Scutaro recalls his journey

Before the Sox played the Indians Thursday night, Marco Scutaro chatted with a few of the Cleveland players and staff members during batting practice and reminisced about old times. Marco started his professional career with the Indians, signing with them in 1994 when he was 18.

I asked him about those days and Marco told an interesting story.

Scutaro spent 1995 in extended spring training in Florida. Then in 1996, he was assigned to play for Columbus (Ga.) in the South Atlantic League. He was the youngest player on the team.

“I showed up there and couldn’t speak English,” Scutaro said. “They needed an infielder because somebody had moved up. So I went there and moved into that guy’s room at an apartment with some other Latin players.”


The group didn’t have a car, so they walked everywhere in Columbus. It was a 20-minute walk to a local mall that had a food court and then 20 minutes more to the ballpark. They retraced their steps after the game.

“We ate at the same place in the mall every day, a Mexican food place because the guys spoke Spanish,” Scutaro said. “I wanted to get Subway but I didn’t know how to tell them what I wanted.”

After a few months, Marco and his teammates realized that one of the places they walked by every day was an Applebee’s restaurant.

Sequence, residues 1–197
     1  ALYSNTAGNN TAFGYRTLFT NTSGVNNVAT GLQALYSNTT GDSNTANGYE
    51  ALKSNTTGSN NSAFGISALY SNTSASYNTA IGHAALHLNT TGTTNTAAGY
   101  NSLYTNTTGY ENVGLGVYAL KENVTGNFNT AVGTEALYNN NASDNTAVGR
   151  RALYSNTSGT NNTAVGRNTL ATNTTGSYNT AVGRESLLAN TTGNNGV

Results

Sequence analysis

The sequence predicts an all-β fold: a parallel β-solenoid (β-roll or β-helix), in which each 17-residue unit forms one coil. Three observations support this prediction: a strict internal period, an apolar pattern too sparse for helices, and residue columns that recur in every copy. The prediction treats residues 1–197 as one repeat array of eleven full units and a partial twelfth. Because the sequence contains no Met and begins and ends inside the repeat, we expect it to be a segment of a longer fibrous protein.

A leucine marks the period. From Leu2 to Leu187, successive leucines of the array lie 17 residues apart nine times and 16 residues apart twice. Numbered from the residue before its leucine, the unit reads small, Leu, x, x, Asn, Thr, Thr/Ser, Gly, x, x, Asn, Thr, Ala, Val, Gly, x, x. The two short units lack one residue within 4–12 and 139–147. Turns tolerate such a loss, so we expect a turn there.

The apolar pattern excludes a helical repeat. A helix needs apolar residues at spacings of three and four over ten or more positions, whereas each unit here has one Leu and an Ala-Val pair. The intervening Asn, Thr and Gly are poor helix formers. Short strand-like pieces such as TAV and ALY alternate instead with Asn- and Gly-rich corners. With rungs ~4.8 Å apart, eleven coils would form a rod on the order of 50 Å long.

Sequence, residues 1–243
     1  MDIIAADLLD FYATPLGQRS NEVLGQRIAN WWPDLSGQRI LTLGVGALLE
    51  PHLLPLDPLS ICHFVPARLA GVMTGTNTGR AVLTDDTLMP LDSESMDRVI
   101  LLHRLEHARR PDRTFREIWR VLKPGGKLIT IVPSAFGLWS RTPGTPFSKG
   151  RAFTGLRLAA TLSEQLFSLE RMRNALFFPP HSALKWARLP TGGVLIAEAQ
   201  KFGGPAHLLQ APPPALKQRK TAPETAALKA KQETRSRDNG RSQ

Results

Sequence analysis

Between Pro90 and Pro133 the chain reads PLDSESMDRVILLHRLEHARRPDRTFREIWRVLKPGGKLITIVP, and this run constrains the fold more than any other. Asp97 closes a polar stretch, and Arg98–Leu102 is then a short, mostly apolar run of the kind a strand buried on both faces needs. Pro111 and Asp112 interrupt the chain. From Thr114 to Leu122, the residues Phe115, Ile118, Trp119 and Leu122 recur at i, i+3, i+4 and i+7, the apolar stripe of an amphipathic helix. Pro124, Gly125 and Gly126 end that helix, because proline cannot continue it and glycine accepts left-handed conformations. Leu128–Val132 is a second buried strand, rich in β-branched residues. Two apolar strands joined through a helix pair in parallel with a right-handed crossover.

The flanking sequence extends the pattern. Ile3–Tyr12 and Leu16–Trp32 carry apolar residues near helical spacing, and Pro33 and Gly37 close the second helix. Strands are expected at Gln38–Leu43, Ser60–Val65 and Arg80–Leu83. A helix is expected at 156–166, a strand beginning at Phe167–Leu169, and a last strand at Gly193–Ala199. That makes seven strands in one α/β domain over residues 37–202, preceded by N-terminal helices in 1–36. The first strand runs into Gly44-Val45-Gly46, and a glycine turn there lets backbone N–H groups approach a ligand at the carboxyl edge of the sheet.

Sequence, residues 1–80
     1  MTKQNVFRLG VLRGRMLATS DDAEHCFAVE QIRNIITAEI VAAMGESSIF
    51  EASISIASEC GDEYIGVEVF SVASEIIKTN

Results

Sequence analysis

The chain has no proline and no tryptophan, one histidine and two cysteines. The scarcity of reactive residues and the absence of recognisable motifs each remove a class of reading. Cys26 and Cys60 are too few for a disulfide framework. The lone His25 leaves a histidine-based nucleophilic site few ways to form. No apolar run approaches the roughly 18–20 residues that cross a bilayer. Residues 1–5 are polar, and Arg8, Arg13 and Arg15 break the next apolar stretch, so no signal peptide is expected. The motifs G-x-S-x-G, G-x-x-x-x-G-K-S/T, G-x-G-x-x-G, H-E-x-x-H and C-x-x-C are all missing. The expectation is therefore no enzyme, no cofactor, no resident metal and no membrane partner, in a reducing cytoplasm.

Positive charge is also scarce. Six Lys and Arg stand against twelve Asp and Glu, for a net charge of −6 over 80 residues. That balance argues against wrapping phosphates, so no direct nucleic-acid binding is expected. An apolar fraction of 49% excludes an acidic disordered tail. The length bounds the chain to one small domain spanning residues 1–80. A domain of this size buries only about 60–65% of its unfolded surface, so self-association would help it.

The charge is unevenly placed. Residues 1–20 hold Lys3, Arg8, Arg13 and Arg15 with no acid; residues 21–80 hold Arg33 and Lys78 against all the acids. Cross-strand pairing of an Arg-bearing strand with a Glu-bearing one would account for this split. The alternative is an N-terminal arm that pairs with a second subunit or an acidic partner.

“We had no idea you could get food there,” Scutaro said. “I think about it now every time I see an Applebee’s.”

The best times, he said, were the road trips. There was different food and less walking.

“The baseball part was easy,” Scutaro said. “I could speak enough English to play baseball. But the rest of it was pretty hard. It was a tough way to live.”

Marco did find a friend in Ross Atkins, a pitcher who is now Cleveland’s vice president of player development. He befriended the Latin players and tried to help them out.


Teams do a much better job of helping Latin players out now, providing them support and educational resources. But it’s still a monumental task for these players to make it to the majors.

“The odds are against you,” Scutaro said. “There’s no pressure in the majors compared to what you go through in the minors a lot of times. That’s hard.”

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